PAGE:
The disqualified Karnataka MLAs moved the Supreme Court on Friday, seeking further postponement of the Assembly bypolls which are scheduled to take place on December 5.
A bench headed by Justice N V Ramana on October 25 had reserved its verdict on a batch of petitions filed by the 17 MLAs, challenging their disqualification as lawmakers ahead of the trust vote by the then H D Kumaraswamy government.
Senior Advocate Mukul Rohatgi, appearing for the disqualified MLAs, mentioned the matter and said that the bypolls for the Assembly seats are scheduled on December 5 and candidates are required to file their nomination papers between November 11 and November 18.
He said the disqualified MLAs will not be able to file their nomination and moreover the apex court verdict has not been delivered on the particular issue.
Rohatgi sought postponement of the bypolls till the apex court delivers its verdict on the petitions challenging the disqualifications.
The apex court asked the counsel for the MLAs to file a fresh application in this regard.
Earlier, the Election Commission had postponed the bypolls, which were scheduled on October 21, to December 5 in view of the pendency of the petitions filed by the disqualified lawmakers.
The Supreme Court Monday agreed to hear the plea of 17 disqualified Karnataka MLAs who are seeking to contest by-polls for 15 Assembly seats in the state.
A three-judge bench, headed by justice N V Ramana, said it would hear on September 25 the plea in which the disqualified MLAs have sought interim relief to contest the by-elections.
Senior advocate Mukul Rohatgi, appearing for the disqualified MLAs, told the bench that as per the disqualification orders of the then Speaker K R Ramesh Kumar, these persons cannot contest elections for the remaining term of the current Assembly which will end in 2023.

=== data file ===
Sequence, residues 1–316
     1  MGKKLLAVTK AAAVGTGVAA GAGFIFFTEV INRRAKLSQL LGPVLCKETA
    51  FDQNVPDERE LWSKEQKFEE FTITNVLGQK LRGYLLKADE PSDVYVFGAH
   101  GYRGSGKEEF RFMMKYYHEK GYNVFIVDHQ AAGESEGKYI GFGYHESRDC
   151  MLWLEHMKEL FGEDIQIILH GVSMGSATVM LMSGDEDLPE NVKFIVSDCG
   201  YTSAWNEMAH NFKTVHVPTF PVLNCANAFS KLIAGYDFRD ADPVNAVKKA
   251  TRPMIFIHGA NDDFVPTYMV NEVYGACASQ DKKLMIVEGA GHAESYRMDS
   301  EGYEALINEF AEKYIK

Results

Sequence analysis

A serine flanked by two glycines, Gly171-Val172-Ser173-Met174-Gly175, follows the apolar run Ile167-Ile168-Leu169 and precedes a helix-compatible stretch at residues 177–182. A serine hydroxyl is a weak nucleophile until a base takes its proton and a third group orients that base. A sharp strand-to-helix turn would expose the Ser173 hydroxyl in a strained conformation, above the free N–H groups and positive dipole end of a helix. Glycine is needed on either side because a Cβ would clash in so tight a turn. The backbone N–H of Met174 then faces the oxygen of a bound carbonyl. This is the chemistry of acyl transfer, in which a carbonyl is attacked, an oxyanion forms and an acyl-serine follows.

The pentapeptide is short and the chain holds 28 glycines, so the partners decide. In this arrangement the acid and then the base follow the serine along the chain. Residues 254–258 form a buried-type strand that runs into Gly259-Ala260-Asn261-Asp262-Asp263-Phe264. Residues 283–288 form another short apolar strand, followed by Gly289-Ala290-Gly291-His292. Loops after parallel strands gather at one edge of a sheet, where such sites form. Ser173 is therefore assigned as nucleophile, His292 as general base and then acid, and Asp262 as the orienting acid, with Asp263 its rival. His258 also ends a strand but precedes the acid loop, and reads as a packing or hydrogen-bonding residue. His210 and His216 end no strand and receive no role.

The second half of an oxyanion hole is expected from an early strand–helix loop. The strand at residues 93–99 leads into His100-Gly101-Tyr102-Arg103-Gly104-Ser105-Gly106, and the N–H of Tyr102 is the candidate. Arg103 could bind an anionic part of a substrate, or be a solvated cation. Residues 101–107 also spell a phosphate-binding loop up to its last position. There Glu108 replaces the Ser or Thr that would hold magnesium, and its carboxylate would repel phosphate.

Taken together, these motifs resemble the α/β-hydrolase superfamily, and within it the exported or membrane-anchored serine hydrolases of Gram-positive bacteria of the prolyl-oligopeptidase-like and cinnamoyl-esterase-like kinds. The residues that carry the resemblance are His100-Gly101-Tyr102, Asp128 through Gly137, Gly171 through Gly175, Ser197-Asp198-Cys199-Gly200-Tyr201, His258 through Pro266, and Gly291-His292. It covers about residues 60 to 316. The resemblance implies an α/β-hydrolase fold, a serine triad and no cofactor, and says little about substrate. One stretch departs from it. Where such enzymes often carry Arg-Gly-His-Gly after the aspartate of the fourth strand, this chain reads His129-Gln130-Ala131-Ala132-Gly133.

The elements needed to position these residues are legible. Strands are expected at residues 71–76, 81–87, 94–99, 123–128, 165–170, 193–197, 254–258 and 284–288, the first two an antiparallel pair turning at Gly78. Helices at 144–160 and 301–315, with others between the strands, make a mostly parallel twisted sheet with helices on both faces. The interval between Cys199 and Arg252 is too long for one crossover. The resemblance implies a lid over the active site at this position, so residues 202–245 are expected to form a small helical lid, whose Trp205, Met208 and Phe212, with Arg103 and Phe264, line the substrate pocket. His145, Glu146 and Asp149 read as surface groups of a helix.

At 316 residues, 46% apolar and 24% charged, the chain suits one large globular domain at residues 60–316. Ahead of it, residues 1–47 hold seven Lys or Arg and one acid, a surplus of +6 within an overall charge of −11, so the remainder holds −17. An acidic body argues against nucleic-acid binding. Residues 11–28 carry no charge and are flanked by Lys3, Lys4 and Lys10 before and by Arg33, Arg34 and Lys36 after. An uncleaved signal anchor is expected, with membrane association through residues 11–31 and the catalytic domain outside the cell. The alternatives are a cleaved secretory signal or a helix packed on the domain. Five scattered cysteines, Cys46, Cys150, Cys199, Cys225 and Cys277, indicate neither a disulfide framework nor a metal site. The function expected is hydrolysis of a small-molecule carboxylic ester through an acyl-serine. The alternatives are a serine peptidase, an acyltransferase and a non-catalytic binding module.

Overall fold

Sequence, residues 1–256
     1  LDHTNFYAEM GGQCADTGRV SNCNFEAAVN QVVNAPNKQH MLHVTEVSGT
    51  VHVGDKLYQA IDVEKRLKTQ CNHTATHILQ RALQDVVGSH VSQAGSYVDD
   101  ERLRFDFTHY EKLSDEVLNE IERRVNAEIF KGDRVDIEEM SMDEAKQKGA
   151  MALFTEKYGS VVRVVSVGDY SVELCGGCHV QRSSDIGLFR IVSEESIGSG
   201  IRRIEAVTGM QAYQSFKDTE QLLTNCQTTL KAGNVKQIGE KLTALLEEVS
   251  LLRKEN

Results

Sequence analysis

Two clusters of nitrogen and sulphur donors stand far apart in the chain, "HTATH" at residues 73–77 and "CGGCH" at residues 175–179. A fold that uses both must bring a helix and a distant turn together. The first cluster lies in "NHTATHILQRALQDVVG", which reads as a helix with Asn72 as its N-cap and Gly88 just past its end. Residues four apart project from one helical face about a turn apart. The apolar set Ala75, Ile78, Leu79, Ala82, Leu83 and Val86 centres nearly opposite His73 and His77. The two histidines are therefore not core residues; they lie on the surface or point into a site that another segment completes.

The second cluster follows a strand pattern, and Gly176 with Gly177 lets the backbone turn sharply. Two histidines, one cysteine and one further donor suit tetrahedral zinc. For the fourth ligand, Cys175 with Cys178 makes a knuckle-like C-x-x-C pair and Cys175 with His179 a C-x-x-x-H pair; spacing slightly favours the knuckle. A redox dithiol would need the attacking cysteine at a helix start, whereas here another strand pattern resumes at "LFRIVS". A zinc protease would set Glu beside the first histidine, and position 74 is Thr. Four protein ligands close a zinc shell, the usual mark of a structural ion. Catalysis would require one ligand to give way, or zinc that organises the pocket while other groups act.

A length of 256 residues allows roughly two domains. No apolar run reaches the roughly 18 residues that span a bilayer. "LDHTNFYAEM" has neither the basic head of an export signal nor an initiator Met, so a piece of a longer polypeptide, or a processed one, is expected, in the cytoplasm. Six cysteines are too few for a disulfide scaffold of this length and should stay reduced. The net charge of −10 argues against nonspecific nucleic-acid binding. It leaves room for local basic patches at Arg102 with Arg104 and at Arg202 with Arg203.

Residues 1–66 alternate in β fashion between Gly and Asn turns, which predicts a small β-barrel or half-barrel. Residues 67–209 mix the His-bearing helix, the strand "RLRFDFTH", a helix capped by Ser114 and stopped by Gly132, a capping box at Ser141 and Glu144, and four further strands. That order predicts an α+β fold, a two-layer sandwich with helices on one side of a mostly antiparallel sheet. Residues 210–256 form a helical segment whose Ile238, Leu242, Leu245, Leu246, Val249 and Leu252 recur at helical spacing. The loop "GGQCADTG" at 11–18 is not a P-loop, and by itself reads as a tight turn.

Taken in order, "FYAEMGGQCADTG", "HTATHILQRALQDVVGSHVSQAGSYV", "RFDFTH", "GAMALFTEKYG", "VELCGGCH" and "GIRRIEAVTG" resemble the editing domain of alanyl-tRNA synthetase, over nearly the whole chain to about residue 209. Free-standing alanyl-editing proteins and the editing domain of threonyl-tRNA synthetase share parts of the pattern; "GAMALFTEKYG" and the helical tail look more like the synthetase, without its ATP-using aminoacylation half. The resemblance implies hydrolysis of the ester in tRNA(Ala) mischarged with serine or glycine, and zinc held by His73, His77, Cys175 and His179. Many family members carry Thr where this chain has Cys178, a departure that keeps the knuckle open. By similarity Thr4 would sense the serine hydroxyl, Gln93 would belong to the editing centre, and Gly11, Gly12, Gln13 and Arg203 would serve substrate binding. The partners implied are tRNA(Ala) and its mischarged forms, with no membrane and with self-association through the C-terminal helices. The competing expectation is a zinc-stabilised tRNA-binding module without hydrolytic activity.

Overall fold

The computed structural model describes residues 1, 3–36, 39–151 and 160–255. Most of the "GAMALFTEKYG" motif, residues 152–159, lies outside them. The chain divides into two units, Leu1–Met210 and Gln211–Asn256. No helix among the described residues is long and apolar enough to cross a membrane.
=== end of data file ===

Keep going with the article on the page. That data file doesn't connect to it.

Meanwhile, the counsel representing the Election Commission, told the bench that by-polls for 15 vacant Assembly seats have been notified and the court should not stay the elections.
The EC’s counsel also said the Speaker’s order disqualifying these MLAs cannot deprive them of their right to contest by-polls.
Kumar had disqualified the MLAs which eventually led to the fall of the Congress-JD(S) coalition government headed by the then chief minister H D Kumaraswamy.
Kumaraswamy resigned as the chief minister after losing a trust vote, which paved the way for the BJP-led government in the southern state under Chief Minister B S Yediyurappa.
The lawmakers have approached the apex court, challenging Kumar’s decision to disqualify them.
Some of them have contended in their pleas that the decision taken by Kumar before resigning as the speaker was an entirely illegal, arbitrary and mala fide exercise of his power under the 10th Schedule of the Constitution.
They have also questioned Kumar’s decision to reject their resignations by holding that those were not voluntary and genuine.